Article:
How to Crush a Workout Cramp

You're killing your workout, feeling strong and confident. Maybe you're three miles into a brisk walk, a few meters into your swim routine or in the home stretch of a 5K run. Your heart and lungs are cooperating, your form is on point and you feel like you could do this all day—until a sudden pain cramps your style. No matter how fit you are, a muscle cramp can threaten to bring even the best workout to a screeching halt…unless you show that unwelcome spasm who's boss.  
The four main types of muscle cramps are "true" cramps, tetany, contractures and dystonic cramps. The ones that strike during exercise are classified as true cramps. According to MedicineNet, these affect one muscle or a group of muscles that work together to perform a specific motion. When the cramp occurs, the muscle fiber has shortened and then failed to stretch back out, resulting in that painful tightening you feel. Any muscle can be seized by a cramp, but the abs, hamstrings, quadriceps and arms tend to be most vulnerable.
Cramps can flare up in the beginning, middle or end of your workout, or even several hours after you've showered and gone about your day. I was once seized by an uber-painful hamstring cramp in the last few miles of a half-marathon, after an hour of pain-free, well-hydrated running. Cramps follow their own secret set of rules—but that doesn't mean you're powerless against them.
For a long time, sports trainers and athletes believed that cramps were caused by dehydration and/or electrolyte loss. It seemed logical—after all, when we sweat, we lose water as well as electrolytes like sodium, potassium, magnesium, calcium and chloride. But a growing number of experts are claiming there's no clear evidence that dehydration causes exercise-induced muscle cramps. In fact, in one study, participants who were significantly dehydrated showed no increase in cramping.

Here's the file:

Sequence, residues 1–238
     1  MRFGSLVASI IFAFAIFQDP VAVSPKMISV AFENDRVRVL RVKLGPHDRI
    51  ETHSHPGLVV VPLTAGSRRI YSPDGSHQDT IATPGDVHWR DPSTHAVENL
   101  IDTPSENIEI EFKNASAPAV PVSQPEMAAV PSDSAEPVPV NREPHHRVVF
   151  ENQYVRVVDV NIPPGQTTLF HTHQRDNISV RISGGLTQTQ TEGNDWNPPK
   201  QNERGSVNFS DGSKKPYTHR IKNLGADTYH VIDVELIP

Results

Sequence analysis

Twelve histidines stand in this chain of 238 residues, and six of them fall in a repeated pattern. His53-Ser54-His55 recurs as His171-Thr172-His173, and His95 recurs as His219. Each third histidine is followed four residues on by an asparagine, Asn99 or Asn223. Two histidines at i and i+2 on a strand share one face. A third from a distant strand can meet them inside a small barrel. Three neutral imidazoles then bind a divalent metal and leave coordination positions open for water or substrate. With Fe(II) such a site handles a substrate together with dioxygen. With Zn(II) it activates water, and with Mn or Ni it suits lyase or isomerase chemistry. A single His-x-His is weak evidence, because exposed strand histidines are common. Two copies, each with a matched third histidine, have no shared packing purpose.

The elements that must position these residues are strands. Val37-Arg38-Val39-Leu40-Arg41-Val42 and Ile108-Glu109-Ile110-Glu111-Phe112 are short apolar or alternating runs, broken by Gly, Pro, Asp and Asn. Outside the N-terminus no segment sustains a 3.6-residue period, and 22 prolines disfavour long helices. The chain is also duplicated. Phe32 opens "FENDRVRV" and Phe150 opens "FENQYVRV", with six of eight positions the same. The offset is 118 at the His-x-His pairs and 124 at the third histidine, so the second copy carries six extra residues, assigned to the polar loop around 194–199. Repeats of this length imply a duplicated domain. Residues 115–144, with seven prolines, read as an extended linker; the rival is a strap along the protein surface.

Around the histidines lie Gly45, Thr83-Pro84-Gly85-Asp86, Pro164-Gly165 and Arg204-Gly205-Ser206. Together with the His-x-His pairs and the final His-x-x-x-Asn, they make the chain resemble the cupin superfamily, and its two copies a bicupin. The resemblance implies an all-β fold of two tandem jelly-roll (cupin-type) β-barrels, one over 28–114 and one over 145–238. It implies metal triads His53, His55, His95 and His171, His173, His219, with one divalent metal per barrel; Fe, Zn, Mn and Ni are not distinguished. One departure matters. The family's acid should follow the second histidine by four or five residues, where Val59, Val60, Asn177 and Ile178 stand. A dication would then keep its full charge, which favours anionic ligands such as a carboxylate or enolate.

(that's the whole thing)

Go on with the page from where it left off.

So, what does cause cramping? It's an oft-debated question with no clear, single answer, but research has shown that it's likely linked to muscle fatigue. When a muscle is used for a long period of time in a repetitive motion—say, running a marathon or hiking up a mountain—its reflex control can get thrown out of whack, causing it to start twitching uncontrollably instead of contracting and releasing in a normal, healthy rhythm.
What to Do When a Cramp Strikes
Although there's no single guaranteed way to ward off muscle cramps, these solutions have shown to be effective in speeding up the recovery process.
  1. Stop. Resist the urge to "power through" the cramp and continue with your activity. During my race cramp, I kept running for another half-mile or so, believing I could "will" the cramp away, but this only increased the burning pain (and likely extended my total downtime once I eventually stopped).
  2. Stretch and massage. Gently stretch and manipulate the affected area to help coax the muscle out of its hyperexcited state. If the muscle is still hard or tight after repeated stretching sessions, consider getting a professional massage.